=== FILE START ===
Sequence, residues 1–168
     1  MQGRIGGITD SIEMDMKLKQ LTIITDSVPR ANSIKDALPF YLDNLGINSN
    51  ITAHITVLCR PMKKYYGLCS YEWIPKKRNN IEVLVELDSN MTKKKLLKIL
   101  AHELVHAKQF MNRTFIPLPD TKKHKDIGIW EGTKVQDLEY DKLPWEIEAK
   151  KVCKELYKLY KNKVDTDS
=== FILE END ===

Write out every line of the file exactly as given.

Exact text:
Sequence, residues 1–168
     1  MQGRIGGITD SIEMDMKLKQ LTIITDSVPR ANSIKDALPF YLDNLGINSN
    51  ITAHITVLCR PMKKYYGLCS YEWIPKKRNN IEVLVELDSN MTKKKLLKIL
   101  AHELVHAKQF MNRTFIPLPD TKKHKDIGIW EGTKVQDLEY DKLPWEIEAK
   151  KVCKELYKLY KNKVDTDS